While their eyes are closed, the chief puts a red dot on all three explorers. All three raise a hand when they open their eyes. And then, after a minute, Tate stands and correctly announces that he has a red dot on his forehead. How did he figure it out?

Solution: Let’s call them Explorers A, B, and C (Tate Grayson). When he opened his eyes, Explorer A saw that both other men had red dots on their foreheads – and he knew that they could each be raising hands because of the other, and not because of him. If Explorer A had seen that Explorer B was raising a hand and that Explorer C had a blue dot, it would be easy – he would immediately realize the his own dot was red, and he would have immediately stood up to claim the prize. The same logic would apply to Explorer B.

Tate Grayson quickly noticed that both other explorers were raising their hands but not standing up, and surmised that each was as confused as he. He therefore knew that he had a red dot on his own forehead, and quickly announced as much. He is rumored to have thoroughly enjoyed his new riches.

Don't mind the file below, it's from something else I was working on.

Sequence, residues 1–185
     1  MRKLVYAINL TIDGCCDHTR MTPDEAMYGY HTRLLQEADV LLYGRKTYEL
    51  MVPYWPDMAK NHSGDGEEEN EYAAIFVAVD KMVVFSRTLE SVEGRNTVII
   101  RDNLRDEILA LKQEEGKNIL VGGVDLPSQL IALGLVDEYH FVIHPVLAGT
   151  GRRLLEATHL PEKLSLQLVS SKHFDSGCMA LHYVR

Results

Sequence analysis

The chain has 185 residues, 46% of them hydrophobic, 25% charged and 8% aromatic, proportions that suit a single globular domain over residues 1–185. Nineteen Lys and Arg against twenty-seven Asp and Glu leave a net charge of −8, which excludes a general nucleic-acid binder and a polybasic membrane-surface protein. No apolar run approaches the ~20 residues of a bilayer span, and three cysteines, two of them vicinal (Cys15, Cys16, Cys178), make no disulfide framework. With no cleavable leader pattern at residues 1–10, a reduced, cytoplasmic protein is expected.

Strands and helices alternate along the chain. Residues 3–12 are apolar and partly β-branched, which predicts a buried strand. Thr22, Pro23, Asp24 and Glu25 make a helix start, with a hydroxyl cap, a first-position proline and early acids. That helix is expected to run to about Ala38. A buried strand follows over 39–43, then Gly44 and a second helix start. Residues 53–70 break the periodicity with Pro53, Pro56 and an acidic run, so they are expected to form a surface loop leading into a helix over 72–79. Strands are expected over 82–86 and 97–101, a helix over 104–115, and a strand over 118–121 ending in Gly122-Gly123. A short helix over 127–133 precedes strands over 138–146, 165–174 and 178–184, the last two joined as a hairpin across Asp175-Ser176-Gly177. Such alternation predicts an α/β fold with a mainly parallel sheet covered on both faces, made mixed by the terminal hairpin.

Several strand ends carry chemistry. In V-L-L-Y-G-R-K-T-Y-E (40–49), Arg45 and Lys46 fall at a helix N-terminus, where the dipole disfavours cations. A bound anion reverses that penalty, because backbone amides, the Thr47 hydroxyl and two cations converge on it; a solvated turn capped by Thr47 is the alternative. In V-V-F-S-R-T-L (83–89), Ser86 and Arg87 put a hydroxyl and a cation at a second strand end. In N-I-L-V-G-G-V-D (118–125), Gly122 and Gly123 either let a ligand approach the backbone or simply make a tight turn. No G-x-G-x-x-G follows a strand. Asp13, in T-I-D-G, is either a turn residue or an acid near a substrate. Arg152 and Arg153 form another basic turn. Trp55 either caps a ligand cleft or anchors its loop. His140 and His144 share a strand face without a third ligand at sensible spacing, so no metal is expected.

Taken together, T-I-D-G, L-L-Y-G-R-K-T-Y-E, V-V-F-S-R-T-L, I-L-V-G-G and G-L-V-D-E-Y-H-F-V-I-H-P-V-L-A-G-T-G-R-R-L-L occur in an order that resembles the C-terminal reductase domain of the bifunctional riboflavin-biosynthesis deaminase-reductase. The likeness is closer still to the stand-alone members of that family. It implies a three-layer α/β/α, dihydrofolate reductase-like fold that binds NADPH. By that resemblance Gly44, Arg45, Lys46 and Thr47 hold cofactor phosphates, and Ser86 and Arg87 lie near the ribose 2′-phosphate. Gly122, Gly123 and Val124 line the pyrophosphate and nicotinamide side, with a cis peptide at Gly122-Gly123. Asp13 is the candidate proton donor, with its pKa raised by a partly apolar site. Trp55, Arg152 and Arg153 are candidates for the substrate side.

September 26, 2017

Riddle: Famed adventurer Tate Grayson stands at the intersection of two roads – one which leads to a treasure, and one which leads to a perilous trap. Each path is guarded by a tribal sentry – one who ALWAYS tells the truth, and one who ALWAYS lies. Tate doesn’t know which is which. He is only permitted to ask one question. What question should he ask in order to find the treasure?

Solution: Tate should choose one of the two sentries and ask, “Which way would the other soldier tell me to go?” The lying sentry would answer by lying about the direction that the truthful sentry would advise, and the truthful sentry would correctly point to the false direction which the liar would recommend. Asking either sentry will produce the perilous trail – so Tate should pose his question, and then select the opposite path.




September 19, 2017

Riddle: Savannah Brice, a shady antiquities dealer, travels between Eastern and Western Europe regularly. The authorities know that she smuggles large amounts of money through customs each time, but they are unable to catch her. Each time they search her car, they only find a few coins in the ashtray. How is Savannah eluding the customs officers?

Solution: Savannah Brice smuggles extremely rare coins worth hundreds of thousands of dollars.